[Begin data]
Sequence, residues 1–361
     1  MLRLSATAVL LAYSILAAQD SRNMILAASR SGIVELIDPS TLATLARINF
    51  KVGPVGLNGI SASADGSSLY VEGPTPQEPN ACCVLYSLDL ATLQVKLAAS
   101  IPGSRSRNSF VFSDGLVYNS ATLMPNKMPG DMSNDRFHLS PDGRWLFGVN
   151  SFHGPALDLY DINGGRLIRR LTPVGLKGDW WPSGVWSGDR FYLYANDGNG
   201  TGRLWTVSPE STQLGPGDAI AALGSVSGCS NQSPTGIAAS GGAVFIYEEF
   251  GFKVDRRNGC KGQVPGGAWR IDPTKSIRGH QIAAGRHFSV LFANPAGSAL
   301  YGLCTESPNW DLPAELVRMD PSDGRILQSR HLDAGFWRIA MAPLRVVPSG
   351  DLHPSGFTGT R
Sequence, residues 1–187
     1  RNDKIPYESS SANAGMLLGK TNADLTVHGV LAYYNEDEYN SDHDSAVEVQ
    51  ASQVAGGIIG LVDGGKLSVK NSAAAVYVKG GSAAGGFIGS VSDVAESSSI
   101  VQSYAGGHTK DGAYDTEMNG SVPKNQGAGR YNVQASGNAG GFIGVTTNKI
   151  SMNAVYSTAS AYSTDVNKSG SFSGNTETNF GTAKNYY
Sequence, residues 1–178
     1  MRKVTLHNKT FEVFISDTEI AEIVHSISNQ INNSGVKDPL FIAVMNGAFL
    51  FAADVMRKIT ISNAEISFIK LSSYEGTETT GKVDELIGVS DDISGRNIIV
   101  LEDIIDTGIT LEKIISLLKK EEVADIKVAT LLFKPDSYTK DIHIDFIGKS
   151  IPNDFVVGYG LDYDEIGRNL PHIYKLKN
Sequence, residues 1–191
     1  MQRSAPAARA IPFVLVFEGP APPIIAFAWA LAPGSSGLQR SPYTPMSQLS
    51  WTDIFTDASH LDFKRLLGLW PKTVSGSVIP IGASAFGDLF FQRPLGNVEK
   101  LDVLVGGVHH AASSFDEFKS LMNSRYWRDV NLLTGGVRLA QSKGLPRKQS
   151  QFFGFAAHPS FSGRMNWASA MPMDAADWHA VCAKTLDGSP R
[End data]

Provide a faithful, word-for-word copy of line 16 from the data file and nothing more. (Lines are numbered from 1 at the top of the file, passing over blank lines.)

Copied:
     1  MRKVTLHNKT FEVFISDTEI AEIVHSISNQ INNSGVKDPL FIAVMNGAFL